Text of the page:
SCARBOROUGH — A ban on public parking for more than 30 minutes along the road at Higgins Beach moved closer to reality after a committee presentation Wednesday evening.

The Town Council heard from the ad hoc Higgins Beach Committee regarding the proposed ban and several other changes in the area.

“Our hope is, by town purchasing the parking lot, that it gives visitors a place to park and helps reduce any friction between residents and users of beach,” said Jeff Jones of the Higgins Beach Committee. 

The town purchased a parking lot near the beach this spring and is looking to install bathroom and changing facilities, in addition to managing the lot.

Jones expressed concerns that surfers and other beach users get undressed along the road in front of the beach and relieve themselves in the dune bushes, which has led to disagreements between beach-front homeowners and visitors.

Councilors also heard from several citizens, including a group that has collected 300 signatures, asking the council to make the parking rules at Higgins Beach the same as all the other beaches in town.

Unrestricted parking along Higgins Beach is allowed from Oct. 1 through April 1, while at all other beaches in Scarborough beach-side parking is allowed Sept. 15 through May 1.

Surfrider Foundation Chairwoman Janice Parente spoke in opposition to the parking ban.

“Look for the data,” Parente said. “For example, safety claims. Look for traffic safety claims and compare them to surf condition history. Validate these claims and how they relate to parking before you take any rights away from citizens.”

In addition to the parking ban, the committee recommended the parking spaces beside the Higgins Beach Inn be available exclusively to the inn year-round for no charge.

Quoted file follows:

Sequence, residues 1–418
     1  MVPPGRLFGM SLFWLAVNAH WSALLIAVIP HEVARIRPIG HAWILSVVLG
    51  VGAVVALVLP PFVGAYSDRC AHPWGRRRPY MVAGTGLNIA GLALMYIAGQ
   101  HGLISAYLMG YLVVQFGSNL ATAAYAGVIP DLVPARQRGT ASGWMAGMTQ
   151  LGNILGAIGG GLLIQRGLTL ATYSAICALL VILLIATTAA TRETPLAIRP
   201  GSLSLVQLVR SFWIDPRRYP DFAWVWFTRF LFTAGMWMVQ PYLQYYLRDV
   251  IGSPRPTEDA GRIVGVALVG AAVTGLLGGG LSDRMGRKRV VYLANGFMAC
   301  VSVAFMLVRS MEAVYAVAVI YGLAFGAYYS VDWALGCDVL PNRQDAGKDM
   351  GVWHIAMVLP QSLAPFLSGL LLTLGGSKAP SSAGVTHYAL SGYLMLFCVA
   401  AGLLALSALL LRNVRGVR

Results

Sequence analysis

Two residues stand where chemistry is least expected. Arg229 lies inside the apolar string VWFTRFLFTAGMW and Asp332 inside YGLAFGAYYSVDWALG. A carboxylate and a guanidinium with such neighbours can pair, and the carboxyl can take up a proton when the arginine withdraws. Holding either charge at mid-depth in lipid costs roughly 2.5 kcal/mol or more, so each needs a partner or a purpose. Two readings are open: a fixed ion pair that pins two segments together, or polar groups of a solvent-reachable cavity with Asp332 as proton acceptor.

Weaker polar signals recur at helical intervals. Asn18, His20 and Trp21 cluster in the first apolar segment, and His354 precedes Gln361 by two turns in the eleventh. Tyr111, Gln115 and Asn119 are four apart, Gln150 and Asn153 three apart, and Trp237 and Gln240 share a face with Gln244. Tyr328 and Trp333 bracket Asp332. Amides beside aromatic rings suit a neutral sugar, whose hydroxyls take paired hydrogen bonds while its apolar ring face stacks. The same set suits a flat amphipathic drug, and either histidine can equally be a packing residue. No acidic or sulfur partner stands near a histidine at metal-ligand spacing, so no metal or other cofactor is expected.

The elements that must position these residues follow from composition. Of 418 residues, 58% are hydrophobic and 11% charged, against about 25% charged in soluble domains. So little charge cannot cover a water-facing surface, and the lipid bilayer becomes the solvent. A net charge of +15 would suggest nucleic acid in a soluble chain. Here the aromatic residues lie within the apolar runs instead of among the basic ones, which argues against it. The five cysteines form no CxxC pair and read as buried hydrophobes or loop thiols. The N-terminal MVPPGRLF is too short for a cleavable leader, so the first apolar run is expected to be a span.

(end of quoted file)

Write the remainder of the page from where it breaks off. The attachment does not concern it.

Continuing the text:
“I’m concerned about consistency in our decisions,” Council Chairwoman Carol Rancourt said, referring to a recent deal with the Pine Point Lobstermen’s Co-op that requires the co-op to pay a fee to the town for the use of parking spaces in a town-owned lot.

Mirroring Rancourt’s statement, Councilor Michael Wood said he would like to see negotiations between the town and Higgins Beach Inn similar to those between the Co-op and the town.

“It’s a matter of principal and a matter of fairness,” Wood said.

Other proposals included the addition of a drop-off area at the beach that would help alleviate traffic congestion during the summer. Also, the committee recommended adding signs instructing visitors to parking and the drop-off zone.

Rezoning Elmwood Drive

During a public hearing, councilors heard from eight residents of the Green Acres neighborhood, which borders a Maine Department of Transportation-owned parcel proposed for a zoning change that would allow a bio-medical commercial development next door to the residential neighborhood. The property is currently up for sale.

The residents all asked the council not to change the zone.

Councilor Michael Wood explained that the six-acre plot could currently be developed into a school, day-care center or hospice. 

The Scarborough Economic Development Corp. has proposed the zoning change, encouraging the town to be proactive rather than reactive. 

Emily Parkhurst can be reached at 781-3661 ext. 125 or [email protected]

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